In a wide-ranging discussion, writer-producer Julian Fellowes, producer Gareth Neame, stars Elizabeth McGovern, Hugh Bonneville and Laura Carmichael revealed little about the final episodes, including if fan faves Shirley MacLaine and Paul Giamatti will return.
Bonneville and Carmichael said they would miss Highclere Castle, which stands in for Downton Abbey.
“High Clere castle is a pretty nice office to come to work,” Bonneville quipped.
Moderator Mary McNamara of the Los Angeles Times asked if the cast had seen the series finale, to which Fellowes promptly replied, “I haven’t written the finale yet.”
Going back to the beginning, Fellowes and Neame talked about how the idea for the show started. The pair were “celebrating the failure” of a pitch to the BBC at a really bad restaurant. Instead of eating, they came up with the idea for a TV series that would be similar in era to “Gosford Park,” for which Fellowes won the 2001 original screenplay Oscar.
“Julian didn’t seem eager at the time, but the idea came to life very quickly,” Neame said.
“Once you imagine the characters, you have accepted the job,” Fellowes added. He said that there were about 350 American heiresses who married into English aristocracy around the turn of the 20th century and he wanted to follow up with them 50 years later. McGovern, an American married and living now in the U.K., was perfect to play the part.
Maggie Smith, McGovern and Bonneville were three cast members they wanted and got from the beginning. “Very often there’s this thing where you pretend the actors you got were the ones you wanted,” Fellowes said, but in their case it was true.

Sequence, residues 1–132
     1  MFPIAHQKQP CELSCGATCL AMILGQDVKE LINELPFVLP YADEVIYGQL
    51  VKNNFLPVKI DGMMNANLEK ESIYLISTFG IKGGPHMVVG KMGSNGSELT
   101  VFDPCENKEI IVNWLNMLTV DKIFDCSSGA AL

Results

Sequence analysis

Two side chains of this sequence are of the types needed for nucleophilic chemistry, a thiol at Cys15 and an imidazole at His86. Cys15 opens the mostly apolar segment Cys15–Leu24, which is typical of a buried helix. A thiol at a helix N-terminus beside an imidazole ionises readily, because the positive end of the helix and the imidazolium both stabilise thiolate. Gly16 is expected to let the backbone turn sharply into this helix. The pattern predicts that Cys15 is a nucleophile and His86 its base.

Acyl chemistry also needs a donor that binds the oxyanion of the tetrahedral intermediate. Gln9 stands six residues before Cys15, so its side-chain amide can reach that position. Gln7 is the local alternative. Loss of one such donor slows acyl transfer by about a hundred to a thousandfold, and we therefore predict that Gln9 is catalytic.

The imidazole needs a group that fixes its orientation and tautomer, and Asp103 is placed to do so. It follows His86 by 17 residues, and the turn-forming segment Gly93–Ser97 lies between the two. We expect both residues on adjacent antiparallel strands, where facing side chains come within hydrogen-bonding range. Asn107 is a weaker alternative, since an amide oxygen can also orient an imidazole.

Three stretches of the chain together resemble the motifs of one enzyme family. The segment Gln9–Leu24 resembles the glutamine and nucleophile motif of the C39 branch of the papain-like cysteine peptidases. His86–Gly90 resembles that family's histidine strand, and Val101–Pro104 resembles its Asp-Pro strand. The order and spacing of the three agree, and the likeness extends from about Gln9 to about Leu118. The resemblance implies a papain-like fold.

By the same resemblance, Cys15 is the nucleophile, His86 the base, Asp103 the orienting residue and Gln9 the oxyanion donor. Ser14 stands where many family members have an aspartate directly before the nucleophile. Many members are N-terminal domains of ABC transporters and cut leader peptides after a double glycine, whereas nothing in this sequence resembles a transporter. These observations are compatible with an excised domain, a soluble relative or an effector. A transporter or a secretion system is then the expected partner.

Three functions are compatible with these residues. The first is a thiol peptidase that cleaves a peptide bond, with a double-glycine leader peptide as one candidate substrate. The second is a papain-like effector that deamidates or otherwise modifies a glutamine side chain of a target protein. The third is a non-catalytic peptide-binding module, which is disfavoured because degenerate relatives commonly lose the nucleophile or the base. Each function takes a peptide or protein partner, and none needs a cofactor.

Neame called Smith “Julian’s muse,” to which Fellowes rejoined, “I never had to explain funny lines to Maggie.” She and Bonneville were among cast members who could effortlessly move between comedy and drama, he said.
“Maggie Smith is a joy, so kind and funny to work with,” Carmichael said, while Bonneville added with a smile, “You may as well retire, because Maggie Smith will steal every scene.”
As for letting the Dowager Lady Grantham have a suitor, Fellowes said, “I enjoy love and I like the idea that everyone has an emotional life, whether successful or not. I like older characters to have emotional lives. In Movieland, women’s sex lives end at 30, men go on to 78.”
That goes for Carson the butler and Mrs. Hughes the housekeeper, who got engaged at the end of the previous season. Even McGovern’s character, Cora, had an interesting arc beyond being just the mother.
“The power of the show is that people are people,” Fellowes said. “Some American heiresses are very nice and some are not. I didn’t want a show where the people below-stairs are put-upon.”
He had to explain again, as he has in past years, about the deaths of Lady Sybil and Matthew Crawley because the actors who played them — Jessica Brown Findlay and Dan Stevens — wanted to move on.
“We don’t sit at our desks plotting how to kill characters,” he said.
So was Bonneville worried when he read about Lord Grantham’s chest pains in the script? “I skipped to the end,” he said.